Most researchers who have tackled the issue of storing and visually representing geotechnical data have chosen to create a standard method of identifying elemental data. These methods can employ a relational database to store data such as blow count at a specific location and depth or can employ a standardized data coding method such as a markup language. A markup language (ML), which is a standard computer science approach of describing individual pieces of data in a way that web browsers can recognize and search engines can index [2–4], has been researched for geotechnical data. GeoML or GeotechML are two proposed geotechnical markup languages.
Markup languages require that every data element be followed by a description, or coding, of what that element describes. This allows for tremendous flexibility but also requires the overhead of entering and storing the data element descriptions. When there is a remarkable number of data elements involved, such as that which is involved in the storage of geotechnical data elements for a large area, the effort of data entry can outweigh the benefit of the graphical representation the markup language offers.
Instead of capturing individual data elements and tagging the elements with markup language flags, the GeoGIS is based on a centralized database that stores geotechnical documents, document data, and associated locations. This differs from what has been reported in the literature because the GeoGIS is designed to meet the specific needs of ALDOT. Rather than creating an online database of geotechnical data elements, this system focuses on project documents related to geotechnical information. The system can also store and retrieve raw or elemental data if projects contain that information. The GeoGIS allows for quick loading, searching, and displaying of geotechnical data.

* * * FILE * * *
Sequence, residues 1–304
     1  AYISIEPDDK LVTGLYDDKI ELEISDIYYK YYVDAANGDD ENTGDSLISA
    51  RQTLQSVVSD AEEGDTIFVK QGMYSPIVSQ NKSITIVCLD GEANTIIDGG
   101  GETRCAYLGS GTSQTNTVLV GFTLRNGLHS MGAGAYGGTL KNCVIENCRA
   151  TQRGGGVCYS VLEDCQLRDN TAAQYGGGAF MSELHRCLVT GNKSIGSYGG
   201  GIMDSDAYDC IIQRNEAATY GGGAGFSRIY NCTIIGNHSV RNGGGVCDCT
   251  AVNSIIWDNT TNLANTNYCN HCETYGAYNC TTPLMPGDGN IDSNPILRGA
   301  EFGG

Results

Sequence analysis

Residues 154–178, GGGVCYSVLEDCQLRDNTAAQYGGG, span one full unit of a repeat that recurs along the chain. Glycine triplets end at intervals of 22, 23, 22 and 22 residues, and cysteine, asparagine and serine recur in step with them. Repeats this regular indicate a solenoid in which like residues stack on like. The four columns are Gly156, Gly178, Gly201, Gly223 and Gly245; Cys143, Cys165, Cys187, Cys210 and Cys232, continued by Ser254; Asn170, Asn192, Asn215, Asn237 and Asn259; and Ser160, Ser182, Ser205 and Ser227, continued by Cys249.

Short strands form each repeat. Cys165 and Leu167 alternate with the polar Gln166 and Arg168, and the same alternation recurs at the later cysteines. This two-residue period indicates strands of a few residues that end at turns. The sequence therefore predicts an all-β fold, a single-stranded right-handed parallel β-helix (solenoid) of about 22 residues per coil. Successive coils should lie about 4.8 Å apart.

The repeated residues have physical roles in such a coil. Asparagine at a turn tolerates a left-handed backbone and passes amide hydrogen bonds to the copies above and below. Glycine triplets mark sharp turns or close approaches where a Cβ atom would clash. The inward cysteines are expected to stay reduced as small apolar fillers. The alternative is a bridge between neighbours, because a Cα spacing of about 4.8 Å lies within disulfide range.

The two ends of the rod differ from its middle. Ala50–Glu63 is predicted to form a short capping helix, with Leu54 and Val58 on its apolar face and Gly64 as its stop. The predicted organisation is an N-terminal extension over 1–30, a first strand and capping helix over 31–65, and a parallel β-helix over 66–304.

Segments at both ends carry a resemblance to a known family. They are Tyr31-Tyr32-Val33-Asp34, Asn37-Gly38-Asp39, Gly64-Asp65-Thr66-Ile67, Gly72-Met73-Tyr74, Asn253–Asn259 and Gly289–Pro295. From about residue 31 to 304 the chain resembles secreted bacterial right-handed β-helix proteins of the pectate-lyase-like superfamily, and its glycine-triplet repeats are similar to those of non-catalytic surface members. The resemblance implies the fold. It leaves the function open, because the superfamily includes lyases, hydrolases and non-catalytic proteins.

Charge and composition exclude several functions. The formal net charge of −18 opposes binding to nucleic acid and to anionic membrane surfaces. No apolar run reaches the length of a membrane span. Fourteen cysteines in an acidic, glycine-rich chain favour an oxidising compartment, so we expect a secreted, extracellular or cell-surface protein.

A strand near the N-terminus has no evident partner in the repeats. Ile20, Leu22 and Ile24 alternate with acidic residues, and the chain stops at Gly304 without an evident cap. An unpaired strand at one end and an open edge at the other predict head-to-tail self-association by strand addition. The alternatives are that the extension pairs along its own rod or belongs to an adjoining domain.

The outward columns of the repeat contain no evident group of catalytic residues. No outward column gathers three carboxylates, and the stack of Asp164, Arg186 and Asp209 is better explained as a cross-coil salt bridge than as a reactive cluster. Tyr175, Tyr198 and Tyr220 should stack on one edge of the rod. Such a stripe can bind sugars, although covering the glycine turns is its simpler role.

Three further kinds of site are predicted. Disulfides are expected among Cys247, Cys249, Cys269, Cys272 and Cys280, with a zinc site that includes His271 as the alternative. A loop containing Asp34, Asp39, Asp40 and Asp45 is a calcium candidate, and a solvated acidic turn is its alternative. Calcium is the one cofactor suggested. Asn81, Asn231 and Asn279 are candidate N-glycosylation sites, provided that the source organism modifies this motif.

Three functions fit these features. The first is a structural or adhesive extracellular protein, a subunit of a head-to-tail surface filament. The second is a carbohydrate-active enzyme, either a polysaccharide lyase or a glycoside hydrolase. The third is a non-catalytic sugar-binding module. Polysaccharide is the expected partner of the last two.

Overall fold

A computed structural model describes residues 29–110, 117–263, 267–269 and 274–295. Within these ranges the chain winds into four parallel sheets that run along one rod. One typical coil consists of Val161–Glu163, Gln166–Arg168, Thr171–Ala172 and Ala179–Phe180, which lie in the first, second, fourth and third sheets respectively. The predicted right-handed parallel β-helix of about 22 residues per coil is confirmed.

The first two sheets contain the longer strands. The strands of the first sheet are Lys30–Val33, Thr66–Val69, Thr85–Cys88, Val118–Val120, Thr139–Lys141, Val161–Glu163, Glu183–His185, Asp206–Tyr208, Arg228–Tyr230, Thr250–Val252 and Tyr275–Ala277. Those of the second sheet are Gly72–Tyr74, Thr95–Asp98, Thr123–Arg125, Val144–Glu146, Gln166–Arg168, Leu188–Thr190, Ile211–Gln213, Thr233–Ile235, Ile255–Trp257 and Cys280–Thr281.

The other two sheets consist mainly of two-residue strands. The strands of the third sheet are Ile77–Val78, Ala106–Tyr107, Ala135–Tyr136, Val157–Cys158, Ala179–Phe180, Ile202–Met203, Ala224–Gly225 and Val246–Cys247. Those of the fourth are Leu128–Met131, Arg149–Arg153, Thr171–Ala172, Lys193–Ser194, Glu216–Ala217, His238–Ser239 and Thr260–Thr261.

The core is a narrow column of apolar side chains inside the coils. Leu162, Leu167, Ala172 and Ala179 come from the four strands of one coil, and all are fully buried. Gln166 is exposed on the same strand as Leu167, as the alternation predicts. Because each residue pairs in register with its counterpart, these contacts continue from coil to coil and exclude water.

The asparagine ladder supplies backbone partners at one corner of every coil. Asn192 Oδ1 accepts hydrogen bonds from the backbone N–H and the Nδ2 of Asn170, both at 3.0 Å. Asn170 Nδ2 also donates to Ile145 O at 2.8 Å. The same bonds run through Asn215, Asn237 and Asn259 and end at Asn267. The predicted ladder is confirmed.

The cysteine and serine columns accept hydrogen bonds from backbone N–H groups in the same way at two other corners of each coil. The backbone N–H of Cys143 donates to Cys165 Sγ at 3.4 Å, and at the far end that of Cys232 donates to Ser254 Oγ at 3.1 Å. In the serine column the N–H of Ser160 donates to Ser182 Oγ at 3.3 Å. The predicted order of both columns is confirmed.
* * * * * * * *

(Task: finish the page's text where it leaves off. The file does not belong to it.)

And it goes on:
Some development efforts for web-based geotechnical information systems, such as the GeoInfoSys in Singapore , have emphasized the importance of migration from image-based data elements to standardized entry formats. The GeoInfoSys uses a borehole entry form that is extremely detailed and allows fast querying functionality; however, it requires an incredible effort for data entry and is only predefined for borehole data in the system. The GeoGIS system has been designed to allow easy document upload from several approved sources, such as outside geotechnical consultants, as well as providing options for a variety of different types of documents to be uploaded, and is not necessarily limited to geotechnical data, as are many of the similar systems developed in the past.
A small number of web-based geodatabase geotechnical systems exist, such as GeoFrance  and the Korean Institute of Construction Technology (KICT) database. These systems allow online mapping that can accommodate the spatial complexity of geotechnical data and can maximize the sharing of data, as well as provide data analysis tools [7, 8]. However, a massive standardization of data is required in these systems. When compared to markup language systems, Geodatabase systems allow ease of adding new analysis functions and integrating tools into the system as a whole . The GeoGIS does not require a standardization of data at all; all document types relevant to ALDOT’s needs are included in the data entry process, allowing quick and robust data entry, storage, and retrieval.